Abandon ship? Dick Durbin, Warren Buffett change tone on jobs plan

Neil Munro
The Daily Caller
9/30/2011

White House spokesman Jay Carney today downplayed statements by two political allies who are backing away from President Barack Obama’s top legislative priority, his $447 billion “American Jobs Act.

Obama ally and stock market billionaire Warren Buffett backed away from the “Buffet Rule” tax increase Friday. And one day before, top Senate Democrat Dick Durbin said his Democratic Senate majority doesn’t yet have the votes to pass the bill.

These top-level former endorsers put distance between themselves and the White House as wealthy Americans and many Democratic-leaning professionals recoil from what they see as President Obama’s anti-business attitude, and as the general public’s distrust of government reaches record levels…

…For more than a month, White House officials have used Buffett’s support for a tax increase on wealthy Americans to press for a tax increase on people earning $200,000 or more, though officials have steadfastly refused to describe an income threshold for people covered by the “Buffett Rule.”

Obama has announced that his $447 billion, one-year stimulus plan will be offset by tax hikes worth $464 billion over 10 years. This tax increase would come on top of the administration’s call for $800 billion in taxes to be gained by not extending the tax-cuts won by George W. Bush in 2003, and extended by Obama in late 2010.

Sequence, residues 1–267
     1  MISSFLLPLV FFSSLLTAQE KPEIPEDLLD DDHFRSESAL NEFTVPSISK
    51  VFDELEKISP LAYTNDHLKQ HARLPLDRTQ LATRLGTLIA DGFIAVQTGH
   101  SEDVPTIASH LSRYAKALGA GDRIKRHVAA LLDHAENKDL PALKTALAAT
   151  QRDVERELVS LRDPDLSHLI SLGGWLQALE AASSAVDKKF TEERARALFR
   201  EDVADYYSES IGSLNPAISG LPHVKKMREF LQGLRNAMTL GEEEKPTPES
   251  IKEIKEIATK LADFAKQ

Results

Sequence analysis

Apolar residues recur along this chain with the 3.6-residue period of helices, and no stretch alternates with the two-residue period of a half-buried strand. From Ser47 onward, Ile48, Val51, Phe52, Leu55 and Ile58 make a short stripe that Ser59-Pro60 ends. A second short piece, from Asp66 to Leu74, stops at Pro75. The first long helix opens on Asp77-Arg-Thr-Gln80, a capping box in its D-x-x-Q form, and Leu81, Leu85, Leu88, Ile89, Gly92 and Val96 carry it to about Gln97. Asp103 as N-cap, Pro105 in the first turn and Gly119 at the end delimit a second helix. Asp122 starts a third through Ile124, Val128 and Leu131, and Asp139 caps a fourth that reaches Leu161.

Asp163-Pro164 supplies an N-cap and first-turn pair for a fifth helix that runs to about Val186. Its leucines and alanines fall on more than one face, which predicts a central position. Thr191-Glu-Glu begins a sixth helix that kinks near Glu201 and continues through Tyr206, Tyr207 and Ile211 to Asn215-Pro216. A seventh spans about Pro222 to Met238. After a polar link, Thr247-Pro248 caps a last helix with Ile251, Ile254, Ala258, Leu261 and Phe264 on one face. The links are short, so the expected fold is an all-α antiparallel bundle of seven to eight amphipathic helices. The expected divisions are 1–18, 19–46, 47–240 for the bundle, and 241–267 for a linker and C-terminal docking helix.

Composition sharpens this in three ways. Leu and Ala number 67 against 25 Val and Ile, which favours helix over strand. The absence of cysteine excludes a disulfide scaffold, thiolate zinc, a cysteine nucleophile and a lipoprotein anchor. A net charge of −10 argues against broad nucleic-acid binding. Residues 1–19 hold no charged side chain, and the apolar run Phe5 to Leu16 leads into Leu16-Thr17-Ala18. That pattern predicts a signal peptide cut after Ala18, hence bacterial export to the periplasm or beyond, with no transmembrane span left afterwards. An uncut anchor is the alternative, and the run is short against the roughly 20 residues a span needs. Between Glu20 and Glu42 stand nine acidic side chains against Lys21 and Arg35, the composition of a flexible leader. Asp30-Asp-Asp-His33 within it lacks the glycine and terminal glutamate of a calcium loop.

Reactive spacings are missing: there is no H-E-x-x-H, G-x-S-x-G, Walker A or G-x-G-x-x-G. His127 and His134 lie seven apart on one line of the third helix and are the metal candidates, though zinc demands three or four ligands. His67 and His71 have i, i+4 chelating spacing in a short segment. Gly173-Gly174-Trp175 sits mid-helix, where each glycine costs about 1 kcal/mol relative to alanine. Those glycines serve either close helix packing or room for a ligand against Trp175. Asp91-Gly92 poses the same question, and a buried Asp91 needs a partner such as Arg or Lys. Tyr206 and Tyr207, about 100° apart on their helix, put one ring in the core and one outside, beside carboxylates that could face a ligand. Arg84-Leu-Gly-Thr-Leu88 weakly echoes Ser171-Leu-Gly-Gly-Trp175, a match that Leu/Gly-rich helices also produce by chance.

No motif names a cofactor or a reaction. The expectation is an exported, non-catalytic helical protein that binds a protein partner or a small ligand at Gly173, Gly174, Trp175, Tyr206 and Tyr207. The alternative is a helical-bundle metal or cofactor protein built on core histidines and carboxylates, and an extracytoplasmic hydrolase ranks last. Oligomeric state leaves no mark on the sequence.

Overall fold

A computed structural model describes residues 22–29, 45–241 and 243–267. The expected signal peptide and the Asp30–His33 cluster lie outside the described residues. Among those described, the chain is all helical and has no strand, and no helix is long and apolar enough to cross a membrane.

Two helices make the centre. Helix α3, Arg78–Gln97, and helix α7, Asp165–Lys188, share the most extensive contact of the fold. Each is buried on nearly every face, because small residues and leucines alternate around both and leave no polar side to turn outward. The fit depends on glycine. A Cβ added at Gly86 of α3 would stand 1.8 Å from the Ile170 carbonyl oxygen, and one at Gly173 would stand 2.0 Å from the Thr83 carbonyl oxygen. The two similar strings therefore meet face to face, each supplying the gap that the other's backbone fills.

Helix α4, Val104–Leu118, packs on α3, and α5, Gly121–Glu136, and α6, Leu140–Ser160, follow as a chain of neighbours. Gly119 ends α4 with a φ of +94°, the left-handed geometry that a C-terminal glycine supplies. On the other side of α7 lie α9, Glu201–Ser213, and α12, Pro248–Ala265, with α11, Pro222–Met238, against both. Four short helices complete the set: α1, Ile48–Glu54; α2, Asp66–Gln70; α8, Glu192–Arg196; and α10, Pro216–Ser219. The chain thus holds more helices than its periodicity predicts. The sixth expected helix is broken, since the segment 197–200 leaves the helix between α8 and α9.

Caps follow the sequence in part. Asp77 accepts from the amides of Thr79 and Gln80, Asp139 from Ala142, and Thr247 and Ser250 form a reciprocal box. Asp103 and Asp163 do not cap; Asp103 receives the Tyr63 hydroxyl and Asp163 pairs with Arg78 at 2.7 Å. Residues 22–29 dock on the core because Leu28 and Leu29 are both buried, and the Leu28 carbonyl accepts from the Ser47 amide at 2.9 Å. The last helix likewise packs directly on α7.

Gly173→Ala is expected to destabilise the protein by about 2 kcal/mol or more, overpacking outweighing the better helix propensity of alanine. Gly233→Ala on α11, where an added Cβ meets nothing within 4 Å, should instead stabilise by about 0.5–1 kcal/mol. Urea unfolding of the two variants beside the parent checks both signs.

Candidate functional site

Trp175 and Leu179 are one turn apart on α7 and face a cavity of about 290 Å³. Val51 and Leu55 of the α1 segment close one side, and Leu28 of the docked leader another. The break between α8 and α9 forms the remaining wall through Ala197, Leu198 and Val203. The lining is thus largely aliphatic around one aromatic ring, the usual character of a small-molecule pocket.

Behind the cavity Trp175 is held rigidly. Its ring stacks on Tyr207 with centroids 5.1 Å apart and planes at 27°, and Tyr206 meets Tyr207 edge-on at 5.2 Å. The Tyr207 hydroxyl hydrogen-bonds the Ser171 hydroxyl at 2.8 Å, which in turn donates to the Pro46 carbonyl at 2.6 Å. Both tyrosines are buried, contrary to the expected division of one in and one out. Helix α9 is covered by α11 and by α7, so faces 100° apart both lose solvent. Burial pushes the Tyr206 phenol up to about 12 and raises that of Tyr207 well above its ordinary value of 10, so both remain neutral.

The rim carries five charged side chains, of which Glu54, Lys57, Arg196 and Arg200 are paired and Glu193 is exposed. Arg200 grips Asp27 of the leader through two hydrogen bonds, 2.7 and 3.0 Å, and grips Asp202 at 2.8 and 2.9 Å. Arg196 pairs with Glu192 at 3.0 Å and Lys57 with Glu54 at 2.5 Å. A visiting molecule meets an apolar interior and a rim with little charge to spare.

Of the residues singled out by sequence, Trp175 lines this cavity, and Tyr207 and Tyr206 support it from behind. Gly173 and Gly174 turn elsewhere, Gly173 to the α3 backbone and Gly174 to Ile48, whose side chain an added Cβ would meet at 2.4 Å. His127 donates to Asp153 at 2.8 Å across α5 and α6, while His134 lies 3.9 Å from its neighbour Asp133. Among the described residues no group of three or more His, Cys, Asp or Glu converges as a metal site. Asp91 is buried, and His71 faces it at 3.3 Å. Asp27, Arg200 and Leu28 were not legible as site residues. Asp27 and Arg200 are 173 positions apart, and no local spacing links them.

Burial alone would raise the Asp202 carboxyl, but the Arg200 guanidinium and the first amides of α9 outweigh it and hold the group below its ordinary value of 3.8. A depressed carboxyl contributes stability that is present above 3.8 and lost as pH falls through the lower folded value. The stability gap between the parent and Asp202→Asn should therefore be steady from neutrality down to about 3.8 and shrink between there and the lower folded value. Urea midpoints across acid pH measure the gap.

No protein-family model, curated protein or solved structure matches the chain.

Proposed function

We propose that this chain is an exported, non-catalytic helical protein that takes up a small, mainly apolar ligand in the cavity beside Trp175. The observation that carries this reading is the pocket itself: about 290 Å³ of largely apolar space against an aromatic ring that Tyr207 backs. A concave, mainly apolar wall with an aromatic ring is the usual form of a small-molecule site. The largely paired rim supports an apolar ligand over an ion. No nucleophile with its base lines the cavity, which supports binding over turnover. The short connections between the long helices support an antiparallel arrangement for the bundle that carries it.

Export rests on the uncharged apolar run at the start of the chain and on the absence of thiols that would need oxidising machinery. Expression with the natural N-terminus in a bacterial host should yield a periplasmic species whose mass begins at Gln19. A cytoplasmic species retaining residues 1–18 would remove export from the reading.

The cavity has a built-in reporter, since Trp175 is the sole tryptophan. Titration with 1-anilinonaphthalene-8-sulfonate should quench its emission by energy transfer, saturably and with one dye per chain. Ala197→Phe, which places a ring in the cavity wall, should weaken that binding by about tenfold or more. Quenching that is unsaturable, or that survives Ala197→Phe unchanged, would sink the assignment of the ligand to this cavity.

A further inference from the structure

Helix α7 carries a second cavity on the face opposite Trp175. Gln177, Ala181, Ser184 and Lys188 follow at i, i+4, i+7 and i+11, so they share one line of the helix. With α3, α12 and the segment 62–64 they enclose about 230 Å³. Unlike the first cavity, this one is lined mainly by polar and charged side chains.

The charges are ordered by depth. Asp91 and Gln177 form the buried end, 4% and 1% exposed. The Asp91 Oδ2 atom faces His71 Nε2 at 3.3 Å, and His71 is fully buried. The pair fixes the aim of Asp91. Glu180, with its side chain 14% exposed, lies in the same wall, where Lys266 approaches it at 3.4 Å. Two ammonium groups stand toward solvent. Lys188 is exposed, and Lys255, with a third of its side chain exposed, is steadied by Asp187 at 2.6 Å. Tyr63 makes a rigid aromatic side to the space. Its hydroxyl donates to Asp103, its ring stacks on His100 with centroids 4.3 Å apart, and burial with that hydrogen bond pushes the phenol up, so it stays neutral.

But Friday, Buffett announced he wants a very high threshold for activation of the rule. His high threshold would reduce calculations of future tax revenues and so pressure Obama to either curb his promises of spending or his promises of a smaller deficit…

…Buffett’s statement that he favored a very high threshold is a major change from his Aug. 14 op-ed in the New York Times, in which he called for a two-step tax increase on Americans earning more than $1 million, and more than $10 million per year.

Read the entire article at The Daily Caller.

Related: Obama implores trust in government as skepticism rises.

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